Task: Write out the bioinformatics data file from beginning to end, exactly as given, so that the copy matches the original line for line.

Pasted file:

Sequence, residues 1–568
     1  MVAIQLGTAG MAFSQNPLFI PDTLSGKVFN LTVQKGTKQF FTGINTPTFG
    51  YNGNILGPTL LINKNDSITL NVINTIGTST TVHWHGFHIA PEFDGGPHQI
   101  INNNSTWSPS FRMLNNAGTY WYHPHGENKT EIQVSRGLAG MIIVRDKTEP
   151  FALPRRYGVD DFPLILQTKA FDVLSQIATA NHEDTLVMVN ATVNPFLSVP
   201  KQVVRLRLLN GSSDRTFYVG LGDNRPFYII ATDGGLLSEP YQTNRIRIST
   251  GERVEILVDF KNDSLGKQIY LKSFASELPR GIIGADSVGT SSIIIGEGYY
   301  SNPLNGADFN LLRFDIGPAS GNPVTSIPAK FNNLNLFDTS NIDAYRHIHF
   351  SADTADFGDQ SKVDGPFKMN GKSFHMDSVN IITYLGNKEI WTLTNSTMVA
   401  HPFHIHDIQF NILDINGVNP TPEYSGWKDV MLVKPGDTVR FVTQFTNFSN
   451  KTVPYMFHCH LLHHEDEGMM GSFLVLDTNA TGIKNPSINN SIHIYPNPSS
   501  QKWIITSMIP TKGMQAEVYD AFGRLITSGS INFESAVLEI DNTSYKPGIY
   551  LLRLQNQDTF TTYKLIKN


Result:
Sequence, residues 1–568
     1  MVAIQLGTAG MAFSQNPLFI PDTLSGKVFN LTVQKGTKQF FTGINTPTFG
    51  YNGNILGPTL LINKNDSITL NVINTIGTST TVHWHGFHIA PEFDGGPHQI
   101  INNNSTWSPS FRMLNNAGTY WYHPHGENKT EIQVSRGLAG MIIVRDKTEP
   151  FALPRRYGVD DFPLILQTKA FDVLSQIATA NHEDTLVMVN ATVNPFLSVP
   201  KQVVRLRLLN GSSDRTFYVG LGDNRPFYII ATDGGLLSEP YQTNRIRIST
   251  GERVEILVDF KNDSLGKQIY LKSFASELPR GIIGADSVGT SSIIIGEGYY
   301  SNPLNGADFN LLRFDIGPAS GNPVTSIPAK FNNLNLFDTS NIDAYRHIHF
   351  SADTADFGDQ SKVDGPFKMN GKSFHMDSVN IITYLGNKEI WTLTNSTMVA
   401  HPFHIHDIQF NILDINGVNP TPEYSGWKDV MLVKPGDTVR FVTQFTNFSN
   451  KTVPYMFHCH LLHHEDEGMM GSFLVLDTNA TGIKNPSINN SIHIYPNPSS
   501  QKWIITSMIP TKGMQAEVYD AFGRLITSGS INFESAVLEI DNTSYKPGIY
   551  LLRLQNQDTF TTYKLIKN